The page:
Advocates for Change for Cyber Security Awareness Month
The pandemic has prompted massive changes. Over the past 18 months, we’ve adapted and adjusted, implemented new processes and tools, and are acclimating to a “new normal.” While we’ve embraced an entirely new way to work, there is also a spotlight on how to do so securely. But the prevalence of vulnerabilities, exploits, and breaches is not new for the often underappreciated heroes behind the scenes—the security practitioners.
So what has changed? The attacks have become increasingly more sophisticated and there has been a steady uptick in media coverage of large-scale cyber attacks and compromised infrastructure systems. In other words, the threats have evolved and the stakes are even higher, resulting in a growing emphasis on how to work securely.
This focus on cyber security isn’t just happening at the organizational level; government institutions are also passing mandates around expanded security measures to protect our digital lives (for example, the US President's Executive Order). New mandates and updated regulatory frameworks for digital security have catapulted this topic into the consciousness of everyone, not just practitioners.
This heightened attention is a double-edged sword, as practitioners not only have to focus on keeping systems secure, but also spend time and resources on security education. Fortunately, as we breeze into October and temperatures change, the Information Security space starts to see an increased volume of cyber best practices and threat awareness campaigns from many different sources.
Elevating cyber security awareness
The reason for this influx of knowledge sharing is because October is CyberSecurity Awareness Month. This year’s theme is to “Do Your Part. #BeCyberSmart,” which “empowers individuals and organizations to own their role in protecting their part of cyberspace.” According to the National Cyber Security Alliance, “If everyone does their part—implementing stronger security practices, raising community awareness, educating vulnerable audiences or training employees—our interconnected world will be safer and more resilient for everyone.”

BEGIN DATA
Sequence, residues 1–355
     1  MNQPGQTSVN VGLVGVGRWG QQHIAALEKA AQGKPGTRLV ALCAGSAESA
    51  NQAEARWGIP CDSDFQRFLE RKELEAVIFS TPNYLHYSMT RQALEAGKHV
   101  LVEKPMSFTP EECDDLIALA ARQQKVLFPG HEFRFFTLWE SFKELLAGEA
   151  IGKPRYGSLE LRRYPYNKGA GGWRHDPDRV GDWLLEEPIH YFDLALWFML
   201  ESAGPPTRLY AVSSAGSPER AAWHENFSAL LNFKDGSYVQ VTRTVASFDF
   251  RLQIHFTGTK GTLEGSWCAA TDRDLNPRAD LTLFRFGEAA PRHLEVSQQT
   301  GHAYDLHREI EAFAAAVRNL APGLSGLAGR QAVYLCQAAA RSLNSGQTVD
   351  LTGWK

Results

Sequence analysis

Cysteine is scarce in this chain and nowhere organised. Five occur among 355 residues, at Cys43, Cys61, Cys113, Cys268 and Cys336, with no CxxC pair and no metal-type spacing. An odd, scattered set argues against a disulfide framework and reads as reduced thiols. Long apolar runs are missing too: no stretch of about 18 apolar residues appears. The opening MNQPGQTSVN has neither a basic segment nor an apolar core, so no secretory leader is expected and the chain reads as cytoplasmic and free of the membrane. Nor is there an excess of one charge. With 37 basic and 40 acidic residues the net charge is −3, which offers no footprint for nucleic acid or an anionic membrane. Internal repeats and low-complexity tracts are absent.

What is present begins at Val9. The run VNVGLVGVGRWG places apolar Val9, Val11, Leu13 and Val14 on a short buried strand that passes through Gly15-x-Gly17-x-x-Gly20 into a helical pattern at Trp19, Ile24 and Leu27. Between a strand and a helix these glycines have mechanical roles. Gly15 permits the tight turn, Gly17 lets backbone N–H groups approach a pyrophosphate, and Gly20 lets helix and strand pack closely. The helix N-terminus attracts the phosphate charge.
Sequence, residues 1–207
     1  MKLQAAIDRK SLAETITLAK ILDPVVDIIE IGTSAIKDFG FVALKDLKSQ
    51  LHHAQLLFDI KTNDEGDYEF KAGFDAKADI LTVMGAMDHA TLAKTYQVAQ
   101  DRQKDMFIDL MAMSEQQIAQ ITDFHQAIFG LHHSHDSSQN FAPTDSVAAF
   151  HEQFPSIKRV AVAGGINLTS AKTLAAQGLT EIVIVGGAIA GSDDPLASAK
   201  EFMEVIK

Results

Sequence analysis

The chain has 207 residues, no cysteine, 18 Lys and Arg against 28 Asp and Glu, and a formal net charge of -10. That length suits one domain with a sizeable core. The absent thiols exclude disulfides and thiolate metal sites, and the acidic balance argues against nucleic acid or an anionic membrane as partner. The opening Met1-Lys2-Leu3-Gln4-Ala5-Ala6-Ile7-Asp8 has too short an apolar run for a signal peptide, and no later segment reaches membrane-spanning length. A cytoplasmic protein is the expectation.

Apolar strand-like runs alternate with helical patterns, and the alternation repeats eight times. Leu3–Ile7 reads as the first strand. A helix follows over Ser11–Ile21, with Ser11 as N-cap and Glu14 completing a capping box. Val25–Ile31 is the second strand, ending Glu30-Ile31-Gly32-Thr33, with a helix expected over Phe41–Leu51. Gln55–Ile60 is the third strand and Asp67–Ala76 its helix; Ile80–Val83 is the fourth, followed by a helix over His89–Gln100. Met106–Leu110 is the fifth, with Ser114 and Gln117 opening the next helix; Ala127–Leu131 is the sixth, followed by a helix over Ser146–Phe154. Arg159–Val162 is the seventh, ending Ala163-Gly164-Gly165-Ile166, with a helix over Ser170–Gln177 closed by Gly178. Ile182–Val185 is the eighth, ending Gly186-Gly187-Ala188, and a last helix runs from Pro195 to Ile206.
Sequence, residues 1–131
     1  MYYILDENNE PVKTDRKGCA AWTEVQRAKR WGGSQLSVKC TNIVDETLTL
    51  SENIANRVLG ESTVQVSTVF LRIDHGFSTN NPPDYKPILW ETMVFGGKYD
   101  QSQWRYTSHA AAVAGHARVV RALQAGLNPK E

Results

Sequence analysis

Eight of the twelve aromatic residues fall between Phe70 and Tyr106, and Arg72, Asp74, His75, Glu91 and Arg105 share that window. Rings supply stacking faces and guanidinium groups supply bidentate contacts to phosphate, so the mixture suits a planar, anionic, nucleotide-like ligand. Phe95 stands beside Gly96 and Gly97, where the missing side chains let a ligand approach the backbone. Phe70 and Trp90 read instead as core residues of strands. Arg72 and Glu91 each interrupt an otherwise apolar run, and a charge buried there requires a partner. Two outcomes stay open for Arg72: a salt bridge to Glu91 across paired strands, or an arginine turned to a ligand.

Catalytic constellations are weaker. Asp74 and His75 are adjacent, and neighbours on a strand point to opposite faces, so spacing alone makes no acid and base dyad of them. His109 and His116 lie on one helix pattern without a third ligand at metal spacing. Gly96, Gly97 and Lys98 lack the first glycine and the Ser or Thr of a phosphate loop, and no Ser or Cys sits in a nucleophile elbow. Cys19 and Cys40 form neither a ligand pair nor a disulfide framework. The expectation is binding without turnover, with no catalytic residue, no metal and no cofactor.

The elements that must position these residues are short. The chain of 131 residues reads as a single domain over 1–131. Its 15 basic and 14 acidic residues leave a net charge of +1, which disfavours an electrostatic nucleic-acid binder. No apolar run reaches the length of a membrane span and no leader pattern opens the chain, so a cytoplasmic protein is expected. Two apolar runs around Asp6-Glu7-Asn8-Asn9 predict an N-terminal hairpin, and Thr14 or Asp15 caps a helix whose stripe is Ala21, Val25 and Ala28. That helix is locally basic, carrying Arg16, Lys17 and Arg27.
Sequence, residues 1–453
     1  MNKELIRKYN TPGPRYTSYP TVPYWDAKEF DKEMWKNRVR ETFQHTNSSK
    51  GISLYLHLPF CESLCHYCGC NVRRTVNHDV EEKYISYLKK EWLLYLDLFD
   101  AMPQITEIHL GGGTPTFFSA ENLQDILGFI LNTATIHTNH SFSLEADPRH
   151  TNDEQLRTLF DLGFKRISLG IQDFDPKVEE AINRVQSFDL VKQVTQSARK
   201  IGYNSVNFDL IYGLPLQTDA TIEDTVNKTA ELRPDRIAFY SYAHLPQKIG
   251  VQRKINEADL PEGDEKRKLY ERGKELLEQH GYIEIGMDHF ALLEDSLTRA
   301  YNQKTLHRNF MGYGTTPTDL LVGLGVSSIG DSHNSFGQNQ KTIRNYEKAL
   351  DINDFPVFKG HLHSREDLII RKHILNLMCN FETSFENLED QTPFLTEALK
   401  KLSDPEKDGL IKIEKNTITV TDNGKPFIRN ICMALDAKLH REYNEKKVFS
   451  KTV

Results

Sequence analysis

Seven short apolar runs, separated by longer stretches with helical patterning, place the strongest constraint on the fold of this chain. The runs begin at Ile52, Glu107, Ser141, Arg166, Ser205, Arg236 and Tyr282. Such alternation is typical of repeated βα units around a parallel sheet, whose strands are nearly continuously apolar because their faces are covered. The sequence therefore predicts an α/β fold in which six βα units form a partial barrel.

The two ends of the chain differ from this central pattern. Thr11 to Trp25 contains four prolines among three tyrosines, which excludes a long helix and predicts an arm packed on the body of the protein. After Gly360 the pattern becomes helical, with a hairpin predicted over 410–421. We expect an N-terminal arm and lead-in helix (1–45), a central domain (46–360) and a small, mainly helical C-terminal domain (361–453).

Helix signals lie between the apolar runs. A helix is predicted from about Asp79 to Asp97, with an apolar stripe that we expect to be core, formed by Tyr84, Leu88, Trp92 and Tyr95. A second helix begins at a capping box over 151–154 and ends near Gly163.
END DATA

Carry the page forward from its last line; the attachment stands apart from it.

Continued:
Cyber awareness is critical as we promote a culture of security within our organizations. We need to empower and educate all users—both internal and external—to take actions that will protect the expanded risk surface. Using multi-factor authentication, for example, will help mitigate the potential for a successful cyber attack. Thus, Cyber Security Awareness Month takes some of the burden off overtaxed security teams through increased security enablement.
Addressing the shortage of diverse talent
Cultivating security awareness and sharing best practices shouldn't be our only area of focus. According to the 2020 Cybersecurity Workforce, the industry is currently in need of about three million qualified cyber security workers. The debate around whether there is in fact a talent shortage can be contentious, as is the topic of diversity in cyber security. But these statistics indicate that alongside knowledge sharing, it is equally important for us to nurture an open and welcoming community within the security space. By doing so, we can attract fresh, innovative perspectives and encourage the next generation of talent.
To tackle the shortage of diverse talent, several nonprofit organizations have formed. The result is an increase in conferences and communities that are designed to foster inclusion and bring in new talent. While these large-scale efforts help shine a spotlight on these areas, it ultimately comes down to the actions that individuals take to get involved and elevate the voices of others.
Introducing our Cyber Security Advocates
As we drift into October, we wanted to broaden our focus from knowledge sharing to showcasing how to bring meaningful change to the security space. We will be highlighting the stories of Oktanauts and Auziros who are taking action, are involved in various committees, organizations, and communities, or have their own stories to share about breaking down barriers to enact change in the cyber security space.
Throughout the month, we will be publishing a blog series featuring stories from our Cyber Security Advocates with a focus on community building. It is our hope that by sharing these stories, others may become inspired to dive into the world of cyber security and help address the shortage of diverse talent.
Excited to get involved and make a change? Stay tuned for our next post in this series, find out how Okta is committed to Diversity and Inclusion, or learn about our giving back initiatives through Okta for Good.